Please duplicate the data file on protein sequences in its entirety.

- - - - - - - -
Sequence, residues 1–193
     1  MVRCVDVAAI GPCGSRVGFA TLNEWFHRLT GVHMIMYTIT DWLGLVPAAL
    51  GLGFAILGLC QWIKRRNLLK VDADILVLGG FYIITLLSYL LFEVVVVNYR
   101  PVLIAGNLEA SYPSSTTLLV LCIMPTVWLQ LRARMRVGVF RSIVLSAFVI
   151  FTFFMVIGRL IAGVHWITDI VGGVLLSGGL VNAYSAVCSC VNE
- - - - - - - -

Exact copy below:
Sequence, residues 1–193
     1  MVRCVDVAAI GPCGSRVGFA TLNEWFHRLT GVHMIMYTIT DWLGLVPAAL
    51  GLGFAILGLC QWIKRRNLLK VDADILVLGG FYIITLLSYL LFEVVVVNYR
   101  PVLIAGNLEA SYPSSTTLLV LCIMPTVWLQ LRARMRVGVF RSIVLSAFVI
   151  FTFFMVIGRL IAGVHWITDI VGGVLLSGGL VNAYSAVCSC VNE